In May, heeding concerns over Belarus’ poor human rights record, the UNHRC rejected the country’s bid for a seat on the council. BAJ was among the press freedom groups that had opposed the bid. In its letter to the UNHRC preceding the vote, BAJ stated: “Electing a representative of Belarus to the U.N. Human Rights Council will mean a devaluation of this body and will make it impossible for the council to carry out the role of protecting the human rights and freedoms entrusted to it.”

The international community continued calling on Lukashenko to introduce political and economic reforms and to stop harassing opposition party members and independent journalists. René van der Linden, president of the Council of Europe’s Parliamentary Assembly, aired his concerns in a January meeting with Vladimir Konoplyov, speaker of the Belarusian parliament. Van der Linden also called for an international fact-finding mission into what opposition leaders called Belarus’ growing ranks of political prisoners, RFE/RL reported. The Vienna-based Organization for Security and Co-operation in Europe, a pan-European human rights body, expressed its concerns over the fate of political prisoners and young opposition activists detained and arrested on falsified charges.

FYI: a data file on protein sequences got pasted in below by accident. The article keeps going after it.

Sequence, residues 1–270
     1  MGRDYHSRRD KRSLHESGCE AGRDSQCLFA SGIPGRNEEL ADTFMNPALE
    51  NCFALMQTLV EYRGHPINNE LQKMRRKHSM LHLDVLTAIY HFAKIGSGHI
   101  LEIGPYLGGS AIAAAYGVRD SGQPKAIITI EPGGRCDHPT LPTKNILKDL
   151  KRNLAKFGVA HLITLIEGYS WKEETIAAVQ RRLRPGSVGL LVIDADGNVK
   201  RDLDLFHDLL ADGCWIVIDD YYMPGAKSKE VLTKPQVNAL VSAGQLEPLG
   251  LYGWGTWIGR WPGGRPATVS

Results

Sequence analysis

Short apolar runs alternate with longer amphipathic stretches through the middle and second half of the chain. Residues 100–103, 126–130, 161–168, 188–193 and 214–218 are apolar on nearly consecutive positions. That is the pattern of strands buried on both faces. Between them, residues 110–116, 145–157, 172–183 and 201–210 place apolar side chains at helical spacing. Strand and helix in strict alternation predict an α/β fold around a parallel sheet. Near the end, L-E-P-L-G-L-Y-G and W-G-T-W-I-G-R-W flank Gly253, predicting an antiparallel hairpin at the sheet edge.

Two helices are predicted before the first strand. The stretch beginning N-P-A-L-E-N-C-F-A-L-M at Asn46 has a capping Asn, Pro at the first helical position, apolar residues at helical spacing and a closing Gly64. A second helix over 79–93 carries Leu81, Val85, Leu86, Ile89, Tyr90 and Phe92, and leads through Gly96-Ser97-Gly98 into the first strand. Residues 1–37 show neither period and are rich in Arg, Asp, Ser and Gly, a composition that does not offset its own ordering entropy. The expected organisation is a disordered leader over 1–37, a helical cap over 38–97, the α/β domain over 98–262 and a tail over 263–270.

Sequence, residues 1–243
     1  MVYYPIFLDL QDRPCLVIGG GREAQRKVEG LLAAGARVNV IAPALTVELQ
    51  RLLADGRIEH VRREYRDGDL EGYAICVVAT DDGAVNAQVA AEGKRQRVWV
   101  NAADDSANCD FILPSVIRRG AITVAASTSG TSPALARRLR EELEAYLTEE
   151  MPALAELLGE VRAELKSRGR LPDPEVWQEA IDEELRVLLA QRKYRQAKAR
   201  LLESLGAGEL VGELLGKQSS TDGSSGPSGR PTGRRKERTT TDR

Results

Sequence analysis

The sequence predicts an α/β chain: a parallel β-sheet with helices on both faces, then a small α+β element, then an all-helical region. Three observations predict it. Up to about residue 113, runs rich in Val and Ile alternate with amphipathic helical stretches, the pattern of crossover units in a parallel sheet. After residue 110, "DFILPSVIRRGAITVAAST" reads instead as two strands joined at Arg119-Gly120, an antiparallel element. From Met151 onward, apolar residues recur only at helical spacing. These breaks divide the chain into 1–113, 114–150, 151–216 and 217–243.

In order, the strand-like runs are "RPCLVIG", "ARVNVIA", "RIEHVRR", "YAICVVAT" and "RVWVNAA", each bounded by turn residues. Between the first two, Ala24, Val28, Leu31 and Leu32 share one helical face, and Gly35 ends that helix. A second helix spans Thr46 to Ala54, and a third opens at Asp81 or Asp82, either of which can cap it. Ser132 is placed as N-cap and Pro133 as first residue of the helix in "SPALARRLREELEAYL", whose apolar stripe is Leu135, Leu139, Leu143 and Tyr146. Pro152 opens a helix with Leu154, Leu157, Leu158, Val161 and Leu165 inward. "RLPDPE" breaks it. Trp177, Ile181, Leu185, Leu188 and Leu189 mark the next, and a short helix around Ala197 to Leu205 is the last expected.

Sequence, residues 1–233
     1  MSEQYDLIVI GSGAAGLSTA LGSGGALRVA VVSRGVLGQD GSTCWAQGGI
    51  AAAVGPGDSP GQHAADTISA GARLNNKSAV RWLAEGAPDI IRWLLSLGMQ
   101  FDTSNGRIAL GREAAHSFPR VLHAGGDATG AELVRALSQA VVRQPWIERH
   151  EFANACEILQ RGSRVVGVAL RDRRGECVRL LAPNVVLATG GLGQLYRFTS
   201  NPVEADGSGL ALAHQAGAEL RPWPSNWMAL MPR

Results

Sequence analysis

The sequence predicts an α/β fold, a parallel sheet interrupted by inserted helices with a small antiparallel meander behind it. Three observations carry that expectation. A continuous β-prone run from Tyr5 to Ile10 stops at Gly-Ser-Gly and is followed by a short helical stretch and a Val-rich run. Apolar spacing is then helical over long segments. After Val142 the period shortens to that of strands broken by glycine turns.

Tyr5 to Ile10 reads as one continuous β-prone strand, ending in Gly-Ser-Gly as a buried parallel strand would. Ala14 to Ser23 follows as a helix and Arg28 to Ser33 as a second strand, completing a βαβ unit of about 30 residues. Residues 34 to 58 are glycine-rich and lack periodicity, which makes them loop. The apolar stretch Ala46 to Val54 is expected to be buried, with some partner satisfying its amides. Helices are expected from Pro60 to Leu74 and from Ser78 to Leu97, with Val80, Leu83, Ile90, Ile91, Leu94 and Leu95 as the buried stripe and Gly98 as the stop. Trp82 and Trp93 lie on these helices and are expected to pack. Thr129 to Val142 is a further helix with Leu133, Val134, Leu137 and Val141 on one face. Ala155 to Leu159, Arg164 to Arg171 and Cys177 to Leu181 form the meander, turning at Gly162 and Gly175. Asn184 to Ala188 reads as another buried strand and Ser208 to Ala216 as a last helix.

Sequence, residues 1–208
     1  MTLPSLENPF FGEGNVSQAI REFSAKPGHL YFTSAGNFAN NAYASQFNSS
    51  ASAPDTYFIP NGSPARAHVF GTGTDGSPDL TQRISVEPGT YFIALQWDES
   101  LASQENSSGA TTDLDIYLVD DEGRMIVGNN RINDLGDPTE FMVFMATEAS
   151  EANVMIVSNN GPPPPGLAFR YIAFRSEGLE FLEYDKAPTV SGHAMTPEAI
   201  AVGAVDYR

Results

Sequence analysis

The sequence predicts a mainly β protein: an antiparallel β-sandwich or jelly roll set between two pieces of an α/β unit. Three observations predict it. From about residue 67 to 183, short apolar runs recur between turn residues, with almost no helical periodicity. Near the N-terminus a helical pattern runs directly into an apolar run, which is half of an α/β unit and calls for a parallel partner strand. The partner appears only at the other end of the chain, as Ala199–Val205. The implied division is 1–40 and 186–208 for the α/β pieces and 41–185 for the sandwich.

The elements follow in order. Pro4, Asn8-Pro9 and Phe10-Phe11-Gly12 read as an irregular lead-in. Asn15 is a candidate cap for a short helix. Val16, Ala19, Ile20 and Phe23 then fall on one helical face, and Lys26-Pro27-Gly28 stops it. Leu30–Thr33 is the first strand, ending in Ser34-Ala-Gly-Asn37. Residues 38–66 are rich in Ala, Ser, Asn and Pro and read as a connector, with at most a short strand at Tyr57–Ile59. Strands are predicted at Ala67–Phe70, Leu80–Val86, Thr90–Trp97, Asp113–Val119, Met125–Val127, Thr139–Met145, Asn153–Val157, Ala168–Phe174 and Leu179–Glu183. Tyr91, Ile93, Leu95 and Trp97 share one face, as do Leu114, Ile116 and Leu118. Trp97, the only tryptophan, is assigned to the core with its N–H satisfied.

The year also saw a shift in the country’s international relations. In January, Russia temporarily cut off oil and gas supplies after Belarus balked at price increases of more than 100 percent. The move triggered an eight-month-long dispute, raised questions about Russian-Belarusian cooperation, and prompted Lukashenko to announce a search for alternative energy resources. In May and June, Lukashenko hosted leaders of two energy-rich states: President Mahmoud Ahmadinejad of Iran and President Hugo Chávez Frías of Venezuela. Lukashenko signed energy and military-supply contracts with both countries, announced an agreement to develop an oil field in Iran, and vowed joint cooperation against “Western pressure,” according to international press reports.